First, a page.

Obama Administration’s Missteps in High-Speed Rail

The Obama Administration is turning high-speed rail into a religion. Department of Transportation Secretary Ray LaHood is too busy spreading the “truth” about high-speed rail to consider whether his rail program is in any way logical. At a recent House of Representatives hearing all that was missing from Secretary LaHood’s speech was a collection plate.

The House of Representatives held the hearing, titled The Federal Railroad Administration’s High Speed Intercity Passenger Rail Program: Mistakes and Lessons Learned, last week. Several experts who favor a high-speed rail program testified on how the high-speed rail program could become more efficient.

The experts included Ken Orksi, the former Associate Administrator of the Urban Mass Transportation Administration (now the Federal Transportation Administration), who is a transportation consultant and Richard Geddes who is Associate Professor in the Department of Policy Analysis and Management at Cornell University. While I question whether high-speed rail can ever work anywhere in the United States, the administration could certainly improve the program by listening to some constructive criticism

The criticism focused on several main points.

1) The trains are not high-speed: The Administration continues to present the train program as high-speed rail despite the reality that most rail lines will feature incremental improvements in speed. For example, the Chicago to St. Louis average train speed will only increase from 53 miles per hour to 63 miles per hour.

2) The program has no focus: The administration has awarded grants to 32 states. Only a few grants are of a sufficient size to produce any service improvements and most of these improvements are on conventional train service. The northeast corridor, the most realistic corridor for HSR, has received almost no funds.

3) The program needs to use PPP’s and the private sector: The large scale of these projects will require private sector activity. The administration has failed to consider private sector financing or ascertain private investors’ interest.

4) California is a major problem: The administration’s role in the first high-speed rail link between Merced and Bakersfield has been more damaging than helpful. California’s Legislative Analysts’ Office suggested that the first link operate in a more populated areas such as LA-Anaheim or SF-San Jose. The California rail authority asked the USDOT for more flexibility but the USDOT denied the request. According to written documentation from undersecretary Roy Kienitz, “Once major construction is underway, the private sector will have compelling reasons to further invest in construction.”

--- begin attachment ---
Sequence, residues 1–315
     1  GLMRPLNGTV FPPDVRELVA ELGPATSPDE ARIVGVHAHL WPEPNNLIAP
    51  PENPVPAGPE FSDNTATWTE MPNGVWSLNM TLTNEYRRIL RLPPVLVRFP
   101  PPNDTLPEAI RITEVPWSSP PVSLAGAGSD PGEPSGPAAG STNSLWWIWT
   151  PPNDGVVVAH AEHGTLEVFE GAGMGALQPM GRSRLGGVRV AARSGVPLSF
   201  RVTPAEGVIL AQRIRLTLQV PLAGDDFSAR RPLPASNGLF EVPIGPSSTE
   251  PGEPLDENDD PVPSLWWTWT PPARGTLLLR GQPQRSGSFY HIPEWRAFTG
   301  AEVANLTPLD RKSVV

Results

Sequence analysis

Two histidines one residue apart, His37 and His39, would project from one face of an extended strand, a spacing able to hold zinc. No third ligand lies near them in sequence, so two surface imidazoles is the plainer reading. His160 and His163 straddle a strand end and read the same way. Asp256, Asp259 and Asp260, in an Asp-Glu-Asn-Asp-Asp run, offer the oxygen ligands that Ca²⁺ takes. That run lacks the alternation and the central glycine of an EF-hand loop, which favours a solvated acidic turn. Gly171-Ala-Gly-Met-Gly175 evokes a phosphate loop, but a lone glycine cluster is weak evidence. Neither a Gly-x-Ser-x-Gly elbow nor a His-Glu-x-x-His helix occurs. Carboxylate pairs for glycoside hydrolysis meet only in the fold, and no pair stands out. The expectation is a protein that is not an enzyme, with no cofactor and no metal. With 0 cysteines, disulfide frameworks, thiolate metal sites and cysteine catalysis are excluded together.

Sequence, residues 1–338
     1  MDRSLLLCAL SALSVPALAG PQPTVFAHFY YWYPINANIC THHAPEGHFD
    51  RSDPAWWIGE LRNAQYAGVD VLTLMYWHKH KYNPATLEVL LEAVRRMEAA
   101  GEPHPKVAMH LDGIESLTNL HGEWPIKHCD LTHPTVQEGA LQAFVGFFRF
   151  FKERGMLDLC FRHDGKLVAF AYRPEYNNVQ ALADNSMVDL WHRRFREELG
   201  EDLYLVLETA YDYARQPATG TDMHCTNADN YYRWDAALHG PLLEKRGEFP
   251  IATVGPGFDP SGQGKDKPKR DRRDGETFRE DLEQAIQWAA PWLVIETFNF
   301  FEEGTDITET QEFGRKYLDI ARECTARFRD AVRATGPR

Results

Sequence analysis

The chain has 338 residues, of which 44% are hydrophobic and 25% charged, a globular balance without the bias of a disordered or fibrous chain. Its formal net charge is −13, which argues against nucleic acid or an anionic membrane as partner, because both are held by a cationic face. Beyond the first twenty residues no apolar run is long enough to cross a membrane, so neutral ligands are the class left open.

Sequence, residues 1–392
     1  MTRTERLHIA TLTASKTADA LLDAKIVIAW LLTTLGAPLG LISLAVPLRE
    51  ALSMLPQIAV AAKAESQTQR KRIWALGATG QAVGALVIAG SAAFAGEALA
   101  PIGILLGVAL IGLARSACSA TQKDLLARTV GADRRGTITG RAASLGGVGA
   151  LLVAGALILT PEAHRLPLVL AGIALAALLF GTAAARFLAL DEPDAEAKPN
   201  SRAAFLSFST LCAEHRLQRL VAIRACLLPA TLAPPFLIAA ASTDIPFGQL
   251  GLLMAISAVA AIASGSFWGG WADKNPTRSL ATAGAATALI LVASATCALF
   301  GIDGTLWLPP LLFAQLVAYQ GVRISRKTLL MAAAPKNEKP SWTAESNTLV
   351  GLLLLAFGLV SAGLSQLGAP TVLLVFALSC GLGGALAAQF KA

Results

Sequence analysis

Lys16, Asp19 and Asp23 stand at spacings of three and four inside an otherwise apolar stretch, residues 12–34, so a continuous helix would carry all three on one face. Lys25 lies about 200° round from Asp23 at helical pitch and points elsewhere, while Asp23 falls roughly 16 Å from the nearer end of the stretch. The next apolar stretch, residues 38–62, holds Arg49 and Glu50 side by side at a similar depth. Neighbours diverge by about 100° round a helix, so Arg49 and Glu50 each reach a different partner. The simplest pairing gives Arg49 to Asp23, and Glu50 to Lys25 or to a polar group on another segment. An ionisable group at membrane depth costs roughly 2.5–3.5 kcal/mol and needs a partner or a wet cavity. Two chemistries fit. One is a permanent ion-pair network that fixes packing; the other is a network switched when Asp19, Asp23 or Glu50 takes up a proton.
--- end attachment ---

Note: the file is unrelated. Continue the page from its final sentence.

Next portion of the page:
5) There is no cost-benefit analysis: The benefits (an additional travel option) must be compared to the costs (monetary, environmental, property loss). All revenue streams must be considered including station naming rights and concessions. The administration has not taken any initiative to conduct an accurate cost-benefit analysis or consider additional ways to raise revenue.

Many non-partisan government agencies including the Congressional Research Service and the Government Accountability Office have described the challenges in creating U.S. high-speed rail service and outlined methods that might help the United States create rail. Has the Obama administration considered the challenges? No. Has the administration considered a different approach to rail to make it successful in the U.S? No.

With pro-high-speed rail types criticizing the government’s rail plans, voters opposing new projects, and California’s rail project spending reaching the stratosphere (now at about $100 billion), why can’t the Obama Administration admit it has made a mistake? High-speed rail is the administration’s religion. Is the President praying to the heavens for high-speed rail money to fall like rain? With the lack of a logical approach divine intervention may be our only chance.